2023 is almost over and with it a year of intense volatility. A 2023 report by the American Psychological Association noted that adults aged 35 to 44 experienced the highest increase in mental health diagnoses, 45%, up from 31% in 2019. Some of the fallout from this can be seen in workplace burnout and its effects on employees and organizations.
It is important to understand that workplace burnout is specific to a person’s job and occupation. However, this is not about that one email or paper getting stuck in the printer at the last minute before a big meeting. The potential causes are about larger patterns with issues that range from excessive workloads to interpersonally toxic or unfair work environments. None of which are simple concerns to address for employers. Still, understanding the signs and symptoms of workplace burnout can help everyone be better prepared to meet its challenges.
Burned out employees are more likely to have a workplace absence greater than two weeks.
There are three dimensions to workplace burnout to consider:
- Feelings of energy depletion or emotional exhaustion
- Increased mental distance from and/or negative feelings toward one’s work
- Reduced sense of efficacy at work
Burned out employees are also associated with a higher risk of physical and psychological ailments such as heart attacks and depression. Employees who experience workplace burnout are more than half as likely to have a workplace absence greater than two weeks due to illness. They are more likely to actively seek another job and often feel less confident in their performance. Where an employee struggles, the employer often suffers. All of the above is associated with higher costs: 15-20% of total payroll in voluntary turnover costs, on average, are due to burnout.
Which is why, as complicated as the situation might be, figuring out ways to mitigate workplace burnout is important for the long-term benefit of employers and employees.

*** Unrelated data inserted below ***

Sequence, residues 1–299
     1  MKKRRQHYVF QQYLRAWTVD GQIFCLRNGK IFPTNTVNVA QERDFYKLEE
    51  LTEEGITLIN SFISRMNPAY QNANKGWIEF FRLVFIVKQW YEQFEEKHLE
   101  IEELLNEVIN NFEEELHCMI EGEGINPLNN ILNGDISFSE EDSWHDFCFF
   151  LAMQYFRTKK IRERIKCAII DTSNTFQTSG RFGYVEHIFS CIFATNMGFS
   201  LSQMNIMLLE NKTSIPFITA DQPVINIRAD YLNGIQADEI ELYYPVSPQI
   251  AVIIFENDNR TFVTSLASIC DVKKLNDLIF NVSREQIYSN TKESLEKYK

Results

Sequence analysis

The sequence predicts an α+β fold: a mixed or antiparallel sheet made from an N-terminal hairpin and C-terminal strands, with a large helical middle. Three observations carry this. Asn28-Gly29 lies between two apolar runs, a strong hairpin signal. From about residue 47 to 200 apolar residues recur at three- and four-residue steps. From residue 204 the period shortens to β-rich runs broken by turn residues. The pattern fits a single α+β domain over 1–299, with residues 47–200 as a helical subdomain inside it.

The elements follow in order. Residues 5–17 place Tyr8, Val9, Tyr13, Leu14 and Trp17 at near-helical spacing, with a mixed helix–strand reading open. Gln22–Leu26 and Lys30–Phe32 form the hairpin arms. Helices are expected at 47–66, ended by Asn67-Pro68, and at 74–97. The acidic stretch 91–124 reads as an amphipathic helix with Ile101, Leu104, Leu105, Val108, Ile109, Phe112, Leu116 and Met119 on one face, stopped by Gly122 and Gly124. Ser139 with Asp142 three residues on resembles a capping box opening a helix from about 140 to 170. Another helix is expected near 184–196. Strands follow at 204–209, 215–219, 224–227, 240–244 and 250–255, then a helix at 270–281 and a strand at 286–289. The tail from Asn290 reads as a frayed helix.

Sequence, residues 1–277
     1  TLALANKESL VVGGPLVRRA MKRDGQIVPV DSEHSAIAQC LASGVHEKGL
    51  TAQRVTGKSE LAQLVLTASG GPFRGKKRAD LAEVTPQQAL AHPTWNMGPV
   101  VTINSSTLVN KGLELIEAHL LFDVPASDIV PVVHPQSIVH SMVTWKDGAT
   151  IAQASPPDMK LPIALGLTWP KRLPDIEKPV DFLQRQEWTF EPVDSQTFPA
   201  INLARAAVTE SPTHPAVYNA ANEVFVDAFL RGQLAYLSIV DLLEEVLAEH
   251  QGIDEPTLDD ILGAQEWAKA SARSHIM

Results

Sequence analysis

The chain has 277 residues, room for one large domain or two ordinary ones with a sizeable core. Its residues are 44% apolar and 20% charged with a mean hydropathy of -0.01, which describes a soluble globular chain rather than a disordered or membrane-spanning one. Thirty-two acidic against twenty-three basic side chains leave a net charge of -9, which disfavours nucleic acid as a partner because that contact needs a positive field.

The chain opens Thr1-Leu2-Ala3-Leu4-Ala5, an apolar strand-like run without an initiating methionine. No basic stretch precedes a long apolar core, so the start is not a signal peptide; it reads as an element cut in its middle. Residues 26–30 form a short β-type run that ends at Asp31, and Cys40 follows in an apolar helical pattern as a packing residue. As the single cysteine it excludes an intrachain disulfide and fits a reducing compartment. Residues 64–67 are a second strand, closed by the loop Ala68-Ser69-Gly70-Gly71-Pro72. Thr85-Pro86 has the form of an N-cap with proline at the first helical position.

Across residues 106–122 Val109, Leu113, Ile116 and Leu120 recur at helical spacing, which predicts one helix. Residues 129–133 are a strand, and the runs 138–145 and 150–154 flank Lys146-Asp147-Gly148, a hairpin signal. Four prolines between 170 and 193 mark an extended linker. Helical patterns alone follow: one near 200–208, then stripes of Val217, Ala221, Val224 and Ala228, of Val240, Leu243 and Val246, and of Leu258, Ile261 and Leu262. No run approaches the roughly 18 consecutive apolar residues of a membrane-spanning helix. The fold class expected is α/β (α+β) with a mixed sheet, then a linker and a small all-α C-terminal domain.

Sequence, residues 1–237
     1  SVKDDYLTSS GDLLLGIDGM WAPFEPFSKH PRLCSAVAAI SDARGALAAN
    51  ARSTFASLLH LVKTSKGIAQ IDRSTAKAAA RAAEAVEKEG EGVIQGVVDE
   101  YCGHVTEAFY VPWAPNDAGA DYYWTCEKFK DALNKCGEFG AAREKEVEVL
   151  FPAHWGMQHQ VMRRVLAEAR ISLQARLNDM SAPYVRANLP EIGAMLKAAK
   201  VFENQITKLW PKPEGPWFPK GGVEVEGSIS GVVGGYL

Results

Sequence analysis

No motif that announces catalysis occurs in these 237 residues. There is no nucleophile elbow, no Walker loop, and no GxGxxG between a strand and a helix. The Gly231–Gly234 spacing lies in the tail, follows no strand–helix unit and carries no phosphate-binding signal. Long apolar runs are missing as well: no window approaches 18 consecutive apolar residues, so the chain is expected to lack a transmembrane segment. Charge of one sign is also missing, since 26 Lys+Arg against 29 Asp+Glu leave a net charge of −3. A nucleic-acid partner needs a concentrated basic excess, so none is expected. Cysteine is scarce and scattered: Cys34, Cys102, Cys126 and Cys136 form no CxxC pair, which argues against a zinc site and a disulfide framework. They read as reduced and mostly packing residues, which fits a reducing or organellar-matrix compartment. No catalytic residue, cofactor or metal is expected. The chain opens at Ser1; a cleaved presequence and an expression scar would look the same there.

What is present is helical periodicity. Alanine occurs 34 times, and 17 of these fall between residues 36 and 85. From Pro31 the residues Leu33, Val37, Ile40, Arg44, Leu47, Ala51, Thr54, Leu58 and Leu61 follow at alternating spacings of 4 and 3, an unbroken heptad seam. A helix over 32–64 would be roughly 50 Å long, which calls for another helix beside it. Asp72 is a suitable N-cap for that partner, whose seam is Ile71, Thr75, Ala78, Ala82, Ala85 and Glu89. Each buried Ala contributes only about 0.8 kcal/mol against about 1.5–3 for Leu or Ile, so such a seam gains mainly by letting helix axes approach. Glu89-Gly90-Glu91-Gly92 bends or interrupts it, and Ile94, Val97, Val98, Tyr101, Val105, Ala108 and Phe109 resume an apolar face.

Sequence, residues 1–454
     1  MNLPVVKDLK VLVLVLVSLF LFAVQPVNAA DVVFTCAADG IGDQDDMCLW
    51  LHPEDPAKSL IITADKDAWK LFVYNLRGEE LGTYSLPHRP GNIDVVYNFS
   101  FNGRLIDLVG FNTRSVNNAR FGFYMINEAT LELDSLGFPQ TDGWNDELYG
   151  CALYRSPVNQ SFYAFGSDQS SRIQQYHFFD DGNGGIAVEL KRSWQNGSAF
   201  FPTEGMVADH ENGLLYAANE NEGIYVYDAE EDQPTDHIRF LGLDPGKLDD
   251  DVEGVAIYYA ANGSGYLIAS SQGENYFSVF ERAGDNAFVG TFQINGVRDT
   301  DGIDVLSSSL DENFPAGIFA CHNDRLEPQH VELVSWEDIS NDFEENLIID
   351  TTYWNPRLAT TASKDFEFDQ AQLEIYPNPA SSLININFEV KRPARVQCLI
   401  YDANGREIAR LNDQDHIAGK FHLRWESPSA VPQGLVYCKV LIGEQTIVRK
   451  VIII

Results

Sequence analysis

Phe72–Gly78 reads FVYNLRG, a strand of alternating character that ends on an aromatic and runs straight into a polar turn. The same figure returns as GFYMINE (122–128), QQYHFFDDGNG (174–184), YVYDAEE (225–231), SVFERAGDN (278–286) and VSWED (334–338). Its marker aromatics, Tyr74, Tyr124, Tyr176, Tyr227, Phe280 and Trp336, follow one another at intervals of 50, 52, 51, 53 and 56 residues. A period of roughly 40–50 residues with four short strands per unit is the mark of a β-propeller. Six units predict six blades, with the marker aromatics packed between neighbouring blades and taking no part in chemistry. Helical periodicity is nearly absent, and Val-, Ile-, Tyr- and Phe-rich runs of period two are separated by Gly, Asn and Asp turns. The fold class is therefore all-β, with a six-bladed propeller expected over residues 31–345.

- Prioritize employee well-being: Some employers have responded to the ongoing mental health crisis with improved telemedicine and voluntary benefit offerings for their employees. This is good but leveraging your EAP and offering enhanced mental health benefits is only one part of the solution. Prioritizing employee well-being as an organization makes managing the signs of burnout crucial. Employers should confirm that the way in which employee well-being is discussed in the workplace complements the messaging around using mental health benefits. Otherwise, enhanced benefits alone may not solve the issue. Consider how this can foster a work environment where employee well-being is perceived as valued.
- Survey employee experience: A post-open enrollment employee survey gives HR an idea of employee benefits satisfaction and evaluates the enrollment process while identifying areas for improvement the following year. Organizations should do the same with overall workplace satisfaction periodically. This will help employers to identity key employee concerns and help inform strategies for addressing and in the future, preventing workplace burnout. An employee’s exit interview should not be the first time an employer hears about workplace issues.
- Consider an employee resource group: Employees thrive when they are being heard and supported by their environment. Employee resource groups can provide personnel with a safe space to discuss their personal experiences and frustrations. Partnering with an employee resource group can help employers cultivate an inclusive, supportive workplace that promotes a sense of trust and confidence that workers have each other’s back. It encourages teamwork and a collegiate atmosphere while also providing employers with a better understanding of their employee needs.
Addressing workplace burnout will never be simple but communication and knowledge are power here. As you start to plan for a better 2024, think about what small steps can provide better insights into how employers and employees can take care of each other.